When I was twelve years old, I went on a cross country road trip with my family. We stopped in many places along the way, taking in the sites. While we were at Glacier National Park we visited a bear sanctuary. My brother, who has always had a mild obsession with bears was ecstatic.
We went around the park, with camcorder in hand. And we now have a home video of bears being super cute and my brother asking every other second, “Did you get that?”
Followed by my Dad responding, “Yeah, I got it!”
As I reached a new level of putting myself out there with the release of my first book last fall, I felt like my brother in that video. I would send an email, then constantly check to see if I’d gotten a response. Or I’d post a video on social and continually check Facebook to see if people liked it. “Did you get that?” I’d ask in my head.
Only the response isn’t usually instantaneous like it was in our home video. And when there’s silence on the other end I would get triggered. As cortisol started coursing through my body, I would begin to makeup a story about how I’m not good enough, never was and never will be because I’m not playing the game right…my inner critic would go on and on in this fashion, talking harshly and being super mean, which was exhausting and demoralizing.
It’s a vicious cycle and unsustainable. There’s no upside to constantly asking, “Did you get that?” Occasionally there’s the timely positive reinforcement I sought. But generally people weren’t anxiously waiting for me to email them or say something on social. Turns out people have lives that don’t revolve around me (or you).
And what I’ve learned is that the only way for me to put myself out there and sustain these efforts is if I stop checking for instant gratification and instead move onto something else. I experimented with a number of different techniques to interrupt my pattern so I wouldn’t sink into despair when I didn’t receive instant gratification from my efforts to put myself out there.
I tried to remind myself that I don’t give to get. I wrote affirmations for myself. I would go for a walk. I deleted the Facebook app from my phone. I called a friend. And I wrote in my journal. Each of these tactics helped me get a little more perspective. They enabled me to take back my power by interrupting my pattern to need validation from others and instant gratification.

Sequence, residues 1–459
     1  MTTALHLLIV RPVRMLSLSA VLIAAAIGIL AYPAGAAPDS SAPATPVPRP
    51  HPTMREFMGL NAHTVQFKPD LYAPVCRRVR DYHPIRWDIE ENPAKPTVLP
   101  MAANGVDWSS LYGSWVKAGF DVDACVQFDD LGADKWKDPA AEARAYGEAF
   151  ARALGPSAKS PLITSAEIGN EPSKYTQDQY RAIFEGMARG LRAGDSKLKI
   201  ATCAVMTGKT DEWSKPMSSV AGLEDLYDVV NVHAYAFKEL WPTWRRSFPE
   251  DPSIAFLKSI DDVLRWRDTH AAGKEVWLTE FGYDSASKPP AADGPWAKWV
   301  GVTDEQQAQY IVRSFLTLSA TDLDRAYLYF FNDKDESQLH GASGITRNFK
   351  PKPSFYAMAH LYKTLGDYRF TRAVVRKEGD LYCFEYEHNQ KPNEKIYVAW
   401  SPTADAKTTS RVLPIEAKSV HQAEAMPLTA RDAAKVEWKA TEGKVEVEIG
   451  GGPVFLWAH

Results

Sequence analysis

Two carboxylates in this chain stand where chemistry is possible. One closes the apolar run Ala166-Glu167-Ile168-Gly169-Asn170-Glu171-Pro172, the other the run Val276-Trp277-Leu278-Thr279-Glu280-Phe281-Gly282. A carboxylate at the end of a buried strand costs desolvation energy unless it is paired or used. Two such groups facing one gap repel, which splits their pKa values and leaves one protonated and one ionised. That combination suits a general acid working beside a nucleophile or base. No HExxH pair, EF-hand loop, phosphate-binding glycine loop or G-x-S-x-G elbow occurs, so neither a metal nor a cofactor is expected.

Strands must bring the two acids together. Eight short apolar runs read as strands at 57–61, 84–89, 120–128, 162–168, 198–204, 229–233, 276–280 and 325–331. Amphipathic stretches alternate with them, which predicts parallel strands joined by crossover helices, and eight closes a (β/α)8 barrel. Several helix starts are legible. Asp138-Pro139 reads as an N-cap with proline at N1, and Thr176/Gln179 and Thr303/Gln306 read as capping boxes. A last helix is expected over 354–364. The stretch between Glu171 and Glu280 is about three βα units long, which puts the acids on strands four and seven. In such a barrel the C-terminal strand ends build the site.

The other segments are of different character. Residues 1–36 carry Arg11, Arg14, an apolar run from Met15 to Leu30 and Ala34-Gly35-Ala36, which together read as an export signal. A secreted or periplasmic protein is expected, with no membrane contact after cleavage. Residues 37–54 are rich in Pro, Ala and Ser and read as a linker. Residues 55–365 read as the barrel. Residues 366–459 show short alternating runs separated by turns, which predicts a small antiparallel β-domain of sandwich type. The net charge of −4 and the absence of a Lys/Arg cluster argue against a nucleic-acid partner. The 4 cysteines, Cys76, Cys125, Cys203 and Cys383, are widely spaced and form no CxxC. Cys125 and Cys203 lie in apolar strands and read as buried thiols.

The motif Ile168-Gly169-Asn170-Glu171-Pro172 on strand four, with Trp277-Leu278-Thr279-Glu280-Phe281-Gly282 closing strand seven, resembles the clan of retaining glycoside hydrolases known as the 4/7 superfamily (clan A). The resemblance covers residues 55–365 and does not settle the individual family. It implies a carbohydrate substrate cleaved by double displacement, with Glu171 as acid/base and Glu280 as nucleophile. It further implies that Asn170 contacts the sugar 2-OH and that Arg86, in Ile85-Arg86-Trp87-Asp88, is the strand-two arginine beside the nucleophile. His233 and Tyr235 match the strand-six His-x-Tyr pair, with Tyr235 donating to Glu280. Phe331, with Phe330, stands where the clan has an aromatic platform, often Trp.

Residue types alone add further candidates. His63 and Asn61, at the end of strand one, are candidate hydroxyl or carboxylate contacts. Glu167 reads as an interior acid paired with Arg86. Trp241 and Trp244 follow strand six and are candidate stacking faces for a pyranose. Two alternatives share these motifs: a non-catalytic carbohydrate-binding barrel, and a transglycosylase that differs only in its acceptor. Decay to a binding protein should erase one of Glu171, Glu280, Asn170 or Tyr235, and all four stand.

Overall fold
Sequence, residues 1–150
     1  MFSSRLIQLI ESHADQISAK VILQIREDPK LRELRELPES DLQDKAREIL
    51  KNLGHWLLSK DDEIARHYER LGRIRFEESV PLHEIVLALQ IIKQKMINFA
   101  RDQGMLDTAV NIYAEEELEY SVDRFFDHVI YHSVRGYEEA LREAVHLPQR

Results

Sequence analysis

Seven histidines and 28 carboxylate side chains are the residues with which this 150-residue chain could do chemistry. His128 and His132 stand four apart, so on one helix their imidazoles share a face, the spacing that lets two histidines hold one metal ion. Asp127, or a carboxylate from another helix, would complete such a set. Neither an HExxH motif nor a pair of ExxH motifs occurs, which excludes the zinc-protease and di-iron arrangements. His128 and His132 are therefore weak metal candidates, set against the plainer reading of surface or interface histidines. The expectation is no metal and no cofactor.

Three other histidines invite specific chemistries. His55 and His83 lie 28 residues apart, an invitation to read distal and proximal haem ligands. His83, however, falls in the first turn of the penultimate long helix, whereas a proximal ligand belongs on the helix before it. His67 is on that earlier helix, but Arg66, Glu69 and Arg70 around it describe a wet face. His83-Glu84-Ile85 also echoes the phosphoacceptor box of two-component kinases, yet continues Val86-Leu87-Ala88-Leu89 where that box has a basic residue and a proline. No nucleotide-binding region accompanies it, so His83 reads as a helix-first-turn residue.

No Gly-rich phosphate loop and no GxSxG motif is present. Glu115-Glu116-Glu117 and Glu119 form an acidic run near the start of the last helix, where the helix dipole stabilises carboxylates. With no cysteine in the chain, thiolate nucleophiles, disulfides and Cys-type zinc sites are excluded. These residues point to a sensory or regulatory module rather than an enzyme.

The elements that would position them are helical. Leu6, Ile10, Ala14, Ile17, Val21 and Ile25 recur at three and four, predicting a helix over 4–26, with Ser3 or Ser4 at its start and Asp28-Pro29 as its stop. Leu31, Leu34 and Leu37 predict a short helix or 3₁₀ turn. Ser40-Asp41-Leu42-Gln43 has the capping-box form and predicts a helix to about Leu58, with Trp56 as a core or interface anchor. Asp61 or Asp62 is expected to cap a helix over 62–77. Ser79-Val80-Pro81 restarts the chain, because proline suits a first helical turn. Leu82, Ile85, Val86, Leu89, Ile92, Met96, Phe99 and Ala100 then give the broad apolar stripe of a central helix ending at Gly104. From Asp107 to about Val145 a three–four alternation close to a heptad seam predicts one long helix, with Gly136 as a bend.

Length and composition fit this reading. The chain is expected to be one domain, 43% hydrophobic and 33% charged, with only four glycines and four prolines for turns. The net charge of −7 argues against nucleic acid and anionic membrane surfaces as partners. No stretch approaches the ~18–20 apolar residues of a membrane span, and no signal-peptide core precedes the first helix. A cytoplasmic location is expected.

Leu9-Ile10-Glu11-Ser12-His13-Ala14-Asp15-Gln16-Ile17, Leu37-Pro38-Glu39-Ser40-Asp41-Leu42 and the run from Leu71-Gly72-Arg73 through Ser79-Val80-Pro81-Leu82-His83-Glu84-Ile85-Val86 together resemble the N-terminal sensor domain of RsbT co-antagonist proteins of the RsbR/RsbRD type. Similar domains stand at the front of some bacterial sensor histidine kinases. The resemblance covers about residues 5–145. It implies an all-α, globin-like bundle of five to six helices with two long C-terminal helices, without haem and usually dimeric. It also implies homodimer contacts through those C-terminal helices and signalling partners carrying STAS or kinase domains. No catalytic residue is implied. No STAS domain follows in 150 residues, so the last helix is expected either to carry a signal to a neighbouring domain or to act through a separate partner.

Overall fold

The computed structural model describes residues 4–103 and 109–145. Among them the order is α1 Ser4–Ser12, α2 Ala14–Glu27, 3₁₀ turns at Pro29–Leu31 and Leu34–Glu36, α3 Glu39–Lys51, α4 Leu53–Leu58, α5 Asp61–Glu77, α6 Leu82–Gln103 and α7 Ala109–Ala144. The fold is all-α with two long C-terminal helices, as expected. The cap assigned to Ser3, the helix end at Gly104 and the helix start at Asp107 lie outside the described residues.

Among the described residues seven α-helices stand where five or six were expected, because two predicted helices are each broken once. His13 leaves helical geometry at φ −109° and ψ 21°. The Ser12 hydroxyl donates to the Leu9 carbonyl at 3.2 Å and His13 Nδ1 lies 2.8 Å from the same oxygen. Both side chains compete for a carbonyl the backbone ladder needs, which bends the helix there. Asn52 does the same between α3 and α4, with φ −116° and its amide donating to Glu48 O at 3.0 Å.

As I’ve spoken with more and more Misfit Entrepreneurs over the years, I’ve learned that the emotional roller coaster ride we are on is largely fueled from putting yourself out there. The emotional risk and exposure when it’s your idea, your baby is great. And the potential fallout feels more severe when you’ve put your own livelihood on the line. Despite these commonalities, each Misfit Entrepreneur’s emotional roller coaster ride is different and unique to the individual.
Developing awareness of your own triggers and automatic responses is essential. Yours very well may be different from my own. One thing that’s helped me develop a deeper awareness of my own triggers and automatic responses has been stepping out in new and different ways. Whenever we enter new situations or challenges, we are presented with a pristine opportunity to deepen self-awareness. So take a moment to appreciation those frustrations you’re feeling, painful as they may be – they’re a gift that’ll allow you to grow in new and unexpected ways.
My journal has been a saving grace for me to overcome these obstacles, because it is a safe place to process what’s happened, how I feel about it and what I can do to move past it. I’ve learned that the first step is to identify the pattern. Then to experiment with different techniques for interrupting my predominant pattern.
Here are a few reflection questions I’ve pondered to help me re-write my limiting patterns and change the course of the emotional roller coaster ride from putting myself out there:
- When does putting myself out there trigger a negative/fearful response within me?
- What patterns of behavior/thought do I automatically do when I’m triggered?
- What possibilities do I make available to myself by removing this pattern?
- What ways can I experiment with interrupting this pattern?
Share your own experiences and lessons learned with us in the comments. In what ways do you feel stuck? What helps you navigate the emotional roller coaster ride of being a Misfit Entrepreneur?
What’s Rosabella Consulting Up To?
This past week, I have enjoyed porch time at the Rosabella Consulting office! It’s the perfect place to sit and write by myself, or have meetings with clients. I’ve been meeting with colleagues I haven’t seen in years to catch up, as well as coaching clients. And I’ve been preparing for a few exciting Conversational Intelligence trainings coming up!
I start most of my mornings, sitting on the porch, watching people come and go, and writing in my journal. Speaking of writing, I used my porch time to work on a few articles to publish on LinkedIn, this one just came out yesterday!